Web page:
By Joe Barnard
To listen to the preaching of pastors like John Piper, Tim Keller, or Matt Chandler, is to quickly learn about the unique power of a captivated heart.
I’ll never forget the first time I heard one of Piper’s sermons. His exposition of Romans felt like wind gracing the wings of a young bird.
I had lift; I was soaring. I could see the landscape of discipleship from a new and higher perspective.
As I continued to listen, two truths sunk like anchors into my heart.
One was the unique power of love to unseat the idols of the heart. To see a greater good was to enter the orbit of a new star. The secret, therefore, of overcoming sin was not a herculean feat of willpower, but the willingness of a poet to pause and behold beauty.
The second truth piggybacked on the first: love was a renewable energy source for spiritual growth. Where effort tired and duty failed, love endured.
It didn’t take long to sell me on the importance of captivation. For spiritual growth, every Christian needs to taste and see the goodness—indeed, the beauty—of God.
And yet, as I reached this conviction, a new question troubled me, is my heart captivated? After years of personal discipleship and pastoral ministry, the need to test my heart has only increased with time.
Here are four ways to test the eyes of your heart to make sure you’ve seen—and still see—the splendor of God.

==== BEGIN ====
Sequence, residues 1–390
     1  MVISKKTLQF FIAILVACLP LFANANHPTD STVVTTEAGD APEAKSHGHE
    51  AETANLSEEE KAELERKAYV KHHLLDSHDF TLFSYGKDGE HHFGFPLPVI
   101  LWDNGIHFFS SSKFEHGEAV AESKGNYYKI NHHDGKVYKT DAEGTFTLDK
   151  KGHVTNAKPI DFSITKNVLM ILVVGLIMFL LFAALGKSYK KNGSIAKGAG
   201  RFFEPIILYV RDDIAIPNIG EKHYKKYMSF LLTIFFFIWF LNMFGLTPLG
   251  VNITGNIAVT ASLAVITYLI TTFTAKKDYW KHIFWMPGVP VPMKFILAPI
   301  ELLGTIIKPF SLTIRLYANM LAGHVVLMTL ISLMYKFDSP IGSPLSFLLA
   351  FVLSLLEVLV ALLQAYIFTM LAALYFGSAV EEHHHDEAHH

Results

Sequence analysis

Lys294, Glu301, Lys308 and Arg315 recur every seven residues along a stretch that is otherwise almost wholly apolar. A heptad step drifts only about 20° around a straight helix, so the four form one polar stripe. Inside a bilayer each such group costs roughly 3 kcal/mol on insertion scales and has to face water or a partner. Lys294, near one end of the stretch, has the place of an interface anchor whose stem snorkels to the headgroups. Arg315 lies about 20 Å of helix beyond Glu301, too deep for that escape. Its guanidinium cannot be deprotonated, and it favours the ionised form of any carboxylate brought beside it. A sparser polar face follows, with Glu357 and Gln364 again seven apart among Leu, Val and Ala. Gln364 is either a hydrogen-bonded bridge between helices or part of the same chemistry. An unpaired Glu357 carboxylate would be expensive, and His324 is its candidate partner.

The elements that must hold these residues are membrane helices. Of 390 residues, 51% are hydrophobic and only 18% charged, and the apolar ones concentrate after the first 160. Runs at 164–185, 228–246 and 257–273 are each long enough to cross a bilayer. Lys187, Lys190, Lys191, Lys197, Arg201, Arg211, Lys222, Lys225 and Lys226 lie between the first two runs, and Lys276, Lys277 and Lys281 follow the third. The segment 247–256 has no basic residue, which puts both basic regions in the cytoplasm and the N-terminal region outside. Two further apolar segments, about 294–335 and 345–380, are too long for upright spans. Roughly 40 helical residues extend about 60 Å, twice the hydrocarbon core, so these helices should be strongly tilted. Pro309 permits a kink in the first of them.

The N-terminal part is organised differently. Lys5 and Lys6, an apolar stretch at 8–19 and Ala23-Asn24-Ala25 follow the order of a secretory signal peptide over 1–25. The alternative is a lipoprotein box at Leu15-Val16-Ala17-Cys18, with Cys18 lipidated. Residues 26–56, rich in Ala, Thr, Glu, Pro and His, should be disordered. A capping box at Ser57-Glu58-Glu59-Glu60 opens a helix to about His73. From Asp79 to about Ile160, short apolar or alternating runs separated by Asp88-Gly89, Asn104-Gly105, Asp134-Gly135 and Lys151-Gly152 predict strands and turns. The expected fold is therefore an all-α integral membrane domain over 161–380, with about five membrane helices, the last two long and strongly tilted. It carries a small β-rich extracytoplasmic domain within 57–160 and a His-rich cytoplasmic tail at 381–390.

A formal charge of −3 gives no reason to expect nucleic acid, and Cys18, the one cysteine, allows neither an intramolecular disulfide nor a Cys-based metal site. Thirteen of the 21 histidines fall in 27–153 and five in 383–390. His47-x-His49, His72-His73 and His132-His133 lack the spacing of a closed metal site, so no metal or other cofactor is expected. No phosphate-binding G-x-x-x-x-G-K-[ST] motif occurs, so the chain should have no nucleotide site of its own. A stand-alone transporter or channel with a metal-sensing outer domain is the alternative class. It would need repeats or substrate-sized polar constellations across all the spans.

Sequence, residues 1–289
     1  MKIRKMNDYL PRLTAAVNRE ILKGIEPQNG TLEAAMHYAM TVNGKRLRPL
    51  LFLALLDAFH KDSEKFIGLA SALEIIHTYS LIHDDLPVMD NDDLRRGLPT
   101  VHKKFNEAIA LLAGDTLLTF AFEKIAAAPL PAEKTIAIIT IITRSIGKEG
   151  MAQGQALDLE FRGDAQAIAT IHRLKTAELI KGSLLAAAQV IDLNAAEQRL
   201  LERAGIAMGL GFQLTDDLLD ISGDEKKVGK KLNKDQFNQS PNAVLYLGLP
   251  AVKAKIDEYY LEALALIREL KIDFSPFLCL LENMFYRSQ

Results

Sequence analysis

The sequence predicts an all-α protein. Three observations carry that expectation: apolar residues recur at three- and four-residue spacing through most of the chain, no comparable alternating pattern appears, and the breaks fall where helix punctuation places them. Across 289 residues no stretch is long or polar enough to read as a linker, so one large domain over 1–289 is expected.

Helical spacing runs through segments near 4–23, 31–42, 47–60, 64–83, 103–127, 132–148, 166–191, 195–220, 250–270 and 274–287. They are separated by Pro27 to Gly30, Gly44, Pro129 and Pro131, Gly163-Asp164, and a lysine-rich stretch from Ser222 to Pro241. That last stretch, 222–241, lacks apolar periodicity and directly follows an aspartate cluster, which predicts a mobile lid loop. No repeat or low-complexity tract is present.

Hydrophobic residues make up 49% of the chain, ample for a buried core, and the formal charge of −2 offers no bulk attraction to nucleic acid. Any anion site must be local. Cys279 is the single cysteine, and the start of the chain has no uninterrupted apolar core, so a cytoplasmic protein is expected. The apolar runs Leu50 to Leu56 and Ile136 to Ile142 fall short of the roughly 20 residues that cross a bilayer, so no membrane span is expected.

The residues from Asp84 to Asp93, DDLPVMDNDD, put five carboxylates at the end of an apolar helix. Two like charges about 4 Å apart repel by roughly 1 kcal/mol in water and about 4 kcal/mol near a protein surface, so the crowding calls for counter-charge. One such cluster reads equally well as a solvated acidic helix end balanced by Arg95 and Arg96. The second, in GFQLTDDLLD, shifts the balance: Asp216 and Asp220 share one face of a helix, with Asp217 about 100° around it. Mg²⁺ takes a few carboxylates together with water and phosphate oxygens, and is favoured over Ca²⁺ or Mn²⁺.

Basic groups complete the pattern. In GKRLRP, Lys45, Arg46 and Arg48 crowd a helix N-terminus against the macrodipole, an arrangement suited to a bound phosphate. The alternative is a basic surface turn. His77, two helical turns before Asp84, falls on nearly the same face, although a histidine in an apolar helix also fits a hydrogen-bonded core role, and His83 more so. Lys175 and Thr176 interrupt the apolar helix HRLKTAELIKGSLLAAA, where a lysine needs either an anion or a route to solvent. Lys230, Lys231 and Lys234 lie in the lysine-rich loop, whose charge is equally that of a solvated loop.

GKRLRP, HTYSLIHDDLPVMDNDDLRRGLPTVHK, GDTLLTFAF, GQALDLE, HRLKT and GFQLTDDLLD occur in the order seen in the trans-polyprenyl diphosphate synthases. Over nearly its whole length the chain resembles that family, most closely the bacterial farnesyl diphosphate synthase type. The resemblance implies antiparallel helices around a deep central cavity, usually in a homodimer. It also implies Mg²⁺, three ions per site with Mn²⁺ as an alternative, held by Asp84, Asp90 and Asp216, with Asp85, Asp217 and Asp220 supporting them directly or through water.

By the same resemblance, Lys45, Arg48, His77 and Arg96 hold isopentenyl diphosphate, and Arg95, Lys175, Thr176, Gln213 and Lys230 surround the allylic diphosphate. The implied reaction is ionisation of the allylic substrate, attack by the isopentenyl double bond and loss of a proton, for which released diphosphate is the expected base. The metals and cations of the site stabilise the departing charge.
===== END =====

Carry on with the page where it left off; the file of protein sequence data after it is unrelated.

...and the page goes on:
1. The Test of Sacrifice
This test asks: “What am I willing to give up for Christ?”
For several years I pastored a church in the North of Scotland. While there, I heard many stories of people converted through revivals who ended up throwing fiddles and bagpipes into the sea.
My first reaction was (and still is) to feel a pang of sadness at the news. There’s an aftertaste of legalism in these acts and an underdeveloped sense of the goodness of creation.
At the same time, the older I get, the more I catch the echo of something pure and noble in such stories. For all I know, those Scottish people who jettisoned their pipes had a conviction that, for them, music and its wider cultural associations frustrated their ability to draw close to Jesus.
Who am I to stand and judge them (1 Corinthians 4:5)? The words of the old hymn must be lived out personally by each believer:
Jesus calls us from the worship
Of the vain world’s golden store,
From each idol that would keep us,
Saying, “Christian, love me more.”
2. The Test of Submission
“Not my will, but yours be done” is the test of submission. When we have this mindset, our captivated heart has begun to savor the words of Jesus: “My food is to do the will of him who sent Me, and to finish his work’ (John 4:34).
Regardless of the difficulty of the assignment, or the fleshly impulse to relax, a heart attuned to God knows the path to joy is paved by divine sovereignty. Thus, when God summons there’s but one reply, “May it be done to me according to your word,” (Luke 1:38).